When I think of the “mental set,” I can’t help but think of the first scene of Star Wars: Episode I (yes, if you haven’t noticed, I relish the idea of being able to use any and all Star Wars references possible). In this scene, Padawan Obi-Wan Kenobi and his Master Qui-gon Jinn briefly discuss the importance of “keeping your thoughts to the here and now” as Obi-wan argues that “Master Yoda says we should always be mindful of the future” to which Qui-gon responds “yes, but not at the expense of the moment.”
Now, in my reflection of what the module has to say about the mental set, I believe both jedi (who represent the two leading Jedi Order opinions of the Force) were both correct. It is important for a teacher to be in the “here and now” as the book describe “withitness.” A teacher must be . . . there with their students; physically, mentally in the moment with the students in the lesson and responding to them and encouraging their positive participation.
But at the same moment, a teacher must also be mindful of the future, as the book describes forecasting; being able to foresee trouble situations before they happen– investigating a disturbance in the Force.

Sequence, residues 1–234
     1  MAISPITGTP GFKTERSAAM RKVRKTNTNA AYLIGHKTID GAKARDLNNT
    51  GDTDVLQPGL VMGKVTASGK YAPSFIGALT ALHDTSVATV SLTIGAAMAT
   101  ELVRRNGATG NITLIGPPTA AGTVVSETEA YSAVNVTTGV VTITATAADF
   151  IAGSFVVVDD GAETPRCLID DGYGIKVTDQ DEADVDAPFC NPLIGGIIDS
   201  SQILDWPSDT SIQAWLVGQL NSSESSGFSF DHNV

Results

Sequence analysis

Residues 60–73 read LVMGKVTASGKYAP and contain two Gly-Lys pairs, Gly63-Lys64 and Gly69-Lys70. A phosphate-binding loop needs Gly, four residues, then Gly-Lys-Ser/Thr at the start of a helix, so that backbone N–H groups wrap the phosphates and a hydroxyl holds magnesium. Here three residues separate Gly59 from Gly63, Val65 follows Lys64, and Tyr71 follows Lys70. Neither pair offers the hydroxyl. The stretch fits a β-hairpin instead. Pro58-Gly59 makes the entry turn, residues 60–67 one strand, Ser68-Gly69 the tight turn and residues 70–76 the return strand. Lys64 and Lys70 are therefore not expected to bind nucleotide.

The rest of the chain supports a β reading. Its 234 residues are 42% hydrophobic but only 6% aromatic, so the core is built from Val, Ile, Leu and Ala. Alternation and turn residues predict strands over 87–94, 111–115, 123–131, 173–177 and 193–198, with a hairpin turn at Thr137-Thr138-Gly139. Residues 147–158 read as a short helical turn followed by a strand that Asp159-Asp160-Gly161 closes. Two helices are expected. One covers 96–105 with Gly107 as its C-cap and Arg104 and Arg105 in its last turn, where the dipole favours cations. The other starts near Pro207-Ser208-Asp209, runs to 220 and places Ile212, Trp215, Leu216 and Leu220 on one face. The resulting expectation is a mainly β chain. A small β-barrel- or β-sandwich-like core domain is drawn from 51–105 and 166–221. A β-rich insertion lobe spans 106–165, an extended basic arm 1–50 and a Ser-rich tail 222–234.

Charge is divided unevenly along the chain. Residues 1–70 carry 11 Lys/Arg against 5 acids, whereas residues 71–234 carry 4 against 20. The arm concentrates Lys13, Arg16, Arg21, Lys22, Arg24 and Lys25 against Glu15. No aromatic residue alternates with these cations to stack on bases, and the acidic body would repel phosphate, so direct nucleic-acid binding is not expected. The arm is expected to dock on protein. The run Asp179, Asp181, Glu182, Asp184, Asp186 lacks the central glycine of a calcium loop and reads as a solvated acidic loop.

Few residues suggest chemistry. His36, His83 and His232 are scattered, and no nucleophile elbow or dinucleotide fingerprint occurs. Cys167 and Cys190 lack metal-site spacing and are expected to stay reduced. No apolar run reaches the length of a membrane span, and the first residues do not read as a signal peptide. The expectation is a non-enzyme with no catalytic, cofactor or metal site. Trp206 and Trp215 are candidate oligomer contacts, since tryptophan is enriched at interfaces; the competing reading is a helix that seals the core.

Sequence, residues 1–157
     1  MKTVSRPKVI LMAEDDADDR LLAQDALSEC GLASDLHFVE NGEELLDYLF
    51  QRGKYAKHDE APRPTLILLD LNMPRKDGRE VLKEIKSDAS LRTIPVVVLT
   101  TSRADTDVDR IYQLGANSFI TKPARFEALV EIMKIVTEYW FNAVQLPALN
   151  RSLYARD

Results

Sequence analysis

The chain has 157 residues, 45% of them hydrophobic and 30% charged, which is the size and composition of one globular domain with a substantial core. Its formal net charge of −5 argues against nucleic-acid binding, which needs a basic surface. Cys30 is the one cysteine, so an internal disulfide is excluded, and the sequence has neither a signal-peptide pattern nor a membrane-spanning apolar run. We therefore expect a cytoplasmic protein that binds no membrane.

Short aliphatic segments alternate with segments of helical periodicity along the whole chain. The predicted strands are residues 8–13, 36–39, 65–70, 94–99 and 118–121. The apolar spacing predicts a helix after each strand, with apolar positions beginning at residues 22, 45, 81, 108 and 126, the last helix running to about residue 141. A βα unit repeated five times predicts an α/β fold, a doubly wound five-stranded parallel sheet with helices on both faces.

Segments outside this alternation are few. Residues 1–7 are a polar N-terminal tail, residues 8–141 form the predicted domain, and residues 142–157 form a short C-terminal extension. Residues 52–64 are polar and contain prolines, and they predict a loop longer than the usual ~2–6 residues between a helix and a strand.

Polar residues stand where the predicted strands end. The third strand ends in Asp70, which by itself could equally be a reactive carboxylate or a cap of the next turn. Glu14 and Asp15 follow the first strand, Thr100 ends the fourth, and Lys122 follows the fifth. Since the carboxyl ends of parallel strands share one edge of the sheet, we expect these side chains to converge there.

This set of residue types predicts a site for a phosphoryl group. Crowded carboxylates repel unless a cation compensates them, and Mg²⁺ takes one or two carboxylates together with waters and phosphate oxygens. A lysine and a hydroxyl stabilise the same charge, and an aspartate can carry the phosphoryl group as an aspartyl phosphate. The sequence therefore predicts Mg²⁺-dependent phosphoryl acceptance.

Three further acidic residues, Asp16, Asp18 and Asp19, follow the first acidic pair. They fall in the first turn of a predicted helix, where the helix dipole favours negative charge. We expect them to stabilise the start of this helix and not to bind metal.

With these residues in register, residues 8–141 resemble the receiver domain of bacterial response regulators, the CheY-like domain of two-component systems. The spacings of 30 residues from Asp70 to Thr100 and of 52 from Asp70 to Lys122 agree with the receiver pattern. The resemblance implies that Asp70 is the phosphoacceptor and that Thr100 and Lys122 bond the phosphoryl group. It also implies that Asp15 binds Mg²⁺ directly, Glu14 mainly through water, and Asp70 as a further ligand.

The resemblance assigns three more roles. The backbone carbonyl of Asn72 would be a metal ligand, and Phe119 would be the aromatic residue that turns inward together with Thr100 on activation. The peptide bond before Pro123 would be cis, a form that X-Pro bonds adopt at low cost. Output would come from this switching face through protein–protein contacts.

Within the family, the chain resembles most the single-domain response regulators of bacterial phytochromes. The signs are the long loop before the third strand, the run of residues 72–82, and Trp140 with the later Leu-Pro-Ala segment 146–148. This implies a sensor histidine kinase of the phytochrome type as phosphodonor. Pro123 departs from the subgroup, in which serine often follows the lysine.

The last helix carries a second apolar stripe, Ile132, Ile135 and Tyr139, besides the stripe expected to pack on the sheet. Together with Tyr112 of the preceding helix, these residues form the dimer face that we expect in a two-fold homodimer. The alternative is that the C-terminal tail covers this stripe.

Now being mindful of every facet of time (past, present and future) for an entire classroom at any given moment (and every given class set of students) can prove to be a daunting task. The book answers that, too. We, as educators should take some “me” time. How I would blow off steam and renew myself, as it were? Well I wouldn’t rightly know. I have never truely taken a real vacation. But I have always found that just doing something senseless for awhile (a few hours or perhaps the principle part of a weekend) has always helped me regain the vigor that is needed to do what must be done. Finish the project, keep going through a hectic week. I also believe that I will do a pretty bang up job keeping a cool exterior and keeping the humor inside the classroom.
I found many reference websites that support the mental set. Like this one.